A digital supply chain allows retailers to drive efficiencies from the supplier to the consumer’s home. Benefits include better demand forecasting, automated replenishment, and new, convenient delivery options. So while the old retail model is crumbling, CRM in the retail industry is helping leaders find new ways to create unique experiences for their customers – along with new revenue-generating opportunities.

CRM for high tech

In an industry where the only constant is change, how do you stay ahead of the competition and retain those customers you’ve worked so hard to get? And how do you nurture relationships with potential customers when they no longer follow a linear journey or start their exploration by contacting a sales rep? CRM for high tech will allow you to consistently engage customers throughout their journey, connect the back and front-end departments, and leverage automation and data to ultimately deliver next-level customer experiences.

Fifty-five percent of B2B sales come from digital channels for high tech companies.

Leading high tech companies are adapting their processes so they can engage with customers when they want, where they want, and how they want. With a modern CRM system, teams across the business have one source for customer data – allowing for effective collaboration, highly targeted offers, and cross and up-sell opportunities. This rich data is drawn from a variety of other sources including email, phone, social, and web – giving providers much deeper insight into each customer’s needs and preferences. As a result, they can offer the truly personalized experiences that can differentiate their offerings from those of the competition. At the same time, they can boost efficiency by automating routine tasks and using AI-driven prompts to effectively guide customer communications.

CRM for utilities

Customers expect seamless and personalized experiences in every aspect of their daily lives – including interactions with their utility provider. A simple online presence with basic account functions and a call center is no longer sufficient. With CRM for utilities, companies can boost satisfaction, drive loyalty, and reduce costs by serving each customer more efficiently and meeting their needs in new ways.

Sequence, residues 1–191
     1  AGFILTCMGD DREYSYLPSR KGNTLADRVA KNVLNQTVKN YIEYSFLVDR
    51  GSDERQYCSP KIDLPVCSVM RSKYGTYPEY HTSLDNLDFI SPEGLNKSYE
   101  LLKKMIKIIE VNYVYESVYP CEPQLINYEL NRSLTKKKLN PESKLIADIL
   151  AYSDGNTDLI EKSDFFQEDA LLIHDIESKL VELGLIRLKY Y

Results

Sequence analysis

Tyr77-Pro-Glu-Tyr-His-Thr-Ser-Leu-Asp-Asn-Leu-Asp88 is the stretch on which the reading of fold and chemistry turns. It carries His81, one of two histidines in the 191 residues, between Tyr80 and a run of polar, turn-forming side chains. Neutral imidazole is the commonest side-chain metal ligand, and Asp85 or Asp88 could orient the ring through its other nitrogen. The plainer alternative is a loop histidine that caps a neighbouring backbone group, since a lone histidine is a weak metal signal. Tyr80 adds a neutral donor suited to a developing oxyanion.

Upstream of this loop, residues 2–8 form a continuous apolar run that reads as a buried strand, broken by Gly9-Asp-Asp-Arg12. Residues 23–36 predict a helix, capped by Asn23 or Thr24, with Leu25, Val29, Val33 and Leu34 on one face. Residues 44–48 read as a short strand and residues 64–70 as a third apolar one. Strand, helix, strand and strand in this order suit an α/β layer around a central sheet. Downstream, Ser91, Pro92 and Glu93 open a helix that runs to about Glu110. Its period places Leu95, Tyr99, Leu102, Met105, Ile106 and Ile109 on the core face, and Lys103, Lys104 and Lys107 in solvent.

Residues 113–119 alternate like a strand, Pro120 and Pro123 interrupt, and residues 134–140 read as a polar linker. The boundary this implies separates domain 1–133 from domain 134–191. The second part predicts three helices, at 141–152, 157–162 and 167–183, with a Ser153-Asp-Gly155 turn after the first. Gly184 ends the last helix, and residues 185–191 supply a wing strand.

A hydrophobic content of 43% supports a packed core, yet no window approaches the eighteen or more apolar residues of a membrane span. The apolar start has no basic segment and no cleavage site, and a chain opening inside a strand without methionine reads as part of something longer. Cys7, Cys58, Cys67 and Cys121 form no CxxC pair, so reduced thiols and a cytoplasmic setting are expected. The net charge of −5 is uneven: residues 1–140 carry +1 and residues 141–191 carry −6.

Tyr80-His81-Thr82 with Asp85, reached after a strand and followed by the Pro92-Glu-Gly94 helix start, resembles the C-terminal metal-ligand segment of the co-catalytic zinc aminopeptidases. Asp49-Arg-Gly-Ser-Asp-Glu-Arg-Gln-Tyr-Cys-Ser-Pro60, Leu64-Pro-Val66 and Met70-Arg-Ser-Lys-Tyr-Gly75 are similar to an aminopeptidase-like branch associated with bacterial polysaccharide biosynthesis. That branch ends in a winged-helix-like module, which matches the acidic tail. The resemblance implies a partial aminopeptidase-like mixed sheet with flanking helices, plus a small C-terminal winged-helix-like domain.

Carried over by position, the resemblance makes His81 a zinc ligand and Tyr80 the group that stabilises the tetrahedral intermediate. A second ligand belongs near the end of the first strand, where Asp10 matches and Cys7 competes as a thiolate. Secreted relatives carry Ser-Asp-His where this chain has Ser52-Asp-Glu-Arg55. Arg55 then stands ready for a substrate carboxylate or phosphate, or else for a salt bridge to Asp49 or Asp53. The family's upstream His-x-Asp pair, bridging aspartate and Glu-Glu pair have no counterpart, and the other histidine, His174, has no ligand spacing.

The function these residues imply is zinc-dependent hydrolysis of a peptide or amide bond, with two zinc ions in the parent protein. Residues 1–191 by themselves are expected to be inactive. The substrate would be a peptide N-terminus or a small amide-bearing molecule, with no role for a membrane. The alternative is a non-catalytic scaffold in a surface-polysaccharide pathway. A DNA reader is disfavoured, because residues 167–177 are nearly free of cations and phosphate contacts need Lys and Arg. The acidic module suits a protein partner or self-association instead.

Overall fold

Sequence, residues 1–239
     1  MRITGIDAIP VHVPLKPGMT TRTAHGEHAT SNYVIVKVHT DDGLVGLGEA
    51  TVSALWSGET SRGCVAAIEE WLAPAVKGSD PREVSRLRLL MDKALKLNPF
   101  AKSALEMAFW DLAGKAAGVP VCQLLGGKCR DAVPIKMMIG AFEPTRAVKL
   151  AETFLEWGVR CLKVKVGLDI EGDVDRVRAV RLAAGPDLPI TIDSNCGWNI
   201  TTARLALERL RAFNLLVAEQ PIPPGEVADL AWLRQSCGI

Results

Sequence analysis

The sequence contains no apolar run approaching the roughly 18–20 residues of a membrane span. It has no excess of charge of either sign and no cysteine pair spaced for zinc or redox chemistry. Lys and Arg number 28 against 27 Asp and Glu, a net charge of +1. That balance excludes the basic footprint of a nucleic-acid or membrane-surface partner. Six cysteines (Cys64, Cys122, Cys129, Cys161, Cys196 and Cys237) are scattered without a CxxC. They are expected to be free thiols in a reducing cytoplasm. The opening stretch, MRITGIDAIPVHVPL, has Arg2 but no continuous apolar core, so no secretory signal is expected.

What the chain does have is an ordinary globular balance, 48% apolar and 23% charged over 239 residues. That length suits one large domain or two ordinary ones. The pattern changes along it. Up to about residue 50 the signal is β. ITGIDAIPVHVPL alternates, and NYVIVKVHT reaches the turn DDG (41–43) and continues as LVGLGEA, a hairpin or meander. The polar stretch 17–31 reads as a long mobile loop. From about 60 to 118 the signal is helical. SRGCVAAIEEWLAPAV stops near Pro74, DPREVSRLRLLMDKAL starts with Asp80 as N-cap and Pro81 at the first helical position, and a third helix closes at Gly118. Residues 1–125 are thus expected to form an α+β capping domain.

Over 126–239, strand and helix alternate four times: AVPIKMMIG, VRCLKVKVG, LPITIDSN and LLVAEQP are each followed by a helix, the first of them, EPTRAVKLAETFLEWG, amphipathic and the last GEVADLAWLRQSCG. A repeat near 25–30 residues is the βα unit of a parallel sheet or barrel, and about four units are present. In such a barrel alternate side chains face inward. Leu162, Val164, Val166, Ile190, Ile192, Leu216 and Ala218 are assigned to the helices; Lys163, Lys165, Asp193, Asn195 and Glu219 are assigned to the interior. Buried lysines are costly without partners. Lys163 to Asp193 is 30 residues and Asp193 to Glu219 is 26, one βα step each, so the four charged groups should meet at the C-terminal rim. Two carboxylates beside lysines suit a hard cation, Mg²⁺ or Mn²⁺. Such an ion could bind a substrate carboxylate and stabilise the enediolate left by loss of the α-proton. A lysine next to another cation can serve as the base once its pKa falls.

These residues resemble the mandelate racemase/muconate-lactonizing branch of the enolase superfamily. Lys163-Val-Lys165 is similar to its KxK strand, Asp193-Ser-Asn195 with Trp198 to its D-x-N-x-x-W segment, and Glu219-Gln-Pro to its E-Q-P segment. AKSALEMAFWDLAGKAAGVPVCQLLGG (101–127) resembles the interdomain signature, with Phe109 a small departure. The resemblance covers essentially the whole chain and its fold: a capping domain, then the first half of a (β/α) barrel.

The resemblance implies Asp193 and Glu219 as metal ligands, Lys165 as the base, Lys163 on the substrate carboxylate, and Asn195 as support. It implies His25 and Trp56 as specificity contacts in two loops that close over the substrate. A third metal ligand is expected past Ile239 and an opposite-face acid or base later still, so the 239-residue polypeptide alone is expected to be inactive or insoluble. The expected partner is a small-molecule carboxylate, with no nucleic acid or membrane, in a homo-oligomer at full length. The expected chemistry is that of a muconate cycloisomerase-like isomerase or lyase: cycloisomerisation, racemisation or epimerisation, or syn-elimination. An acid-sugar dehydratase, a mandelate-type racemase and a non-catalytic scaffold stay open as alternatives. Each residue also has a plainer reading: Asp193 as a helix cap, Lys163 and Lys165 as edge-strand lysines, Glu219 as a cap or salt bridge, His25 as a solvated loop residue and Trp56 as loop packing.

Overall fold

Leveraging a robust digital core, utility companies can offer customers service via their preferred channel of communication, be it email, voice call, or text. Outage and restoration notifications can be delivered digitally, reducing surges in call volumes on staff-intensive call centers. Customer satisfaction rates can be further improved when billing choices are available, such as text-to-pay options. Consumers may prefer to click, tap, or type – so providing all of these options will not only deliver convenient customer self-service, but also benefit the business by reducing operating costs.


By 2019, 85% of the G2000 utilities will have a business unit or separate company to speed up innovation and transformation.

Putting the utility customer experience top-of-mind, utility companies can use advanced analytics to help them define innovative programs. For example, they might introduce an opt-in program that delivers personalized mobile alerts to consumers who agree to reduce energy consumption during peak periods – and even offer them billing credits for doing so. As utility companies strive to meet the world’s energy needs – often under challenging circumstances – such innovation will be key.


As these examples show, today’s CRM offers the tools to help businesses across industries deliver an outstanding customer experience – and to fuel the innovation that is needed to anticipate customer needs, outpace the competition, and thrive in a constantly changing world.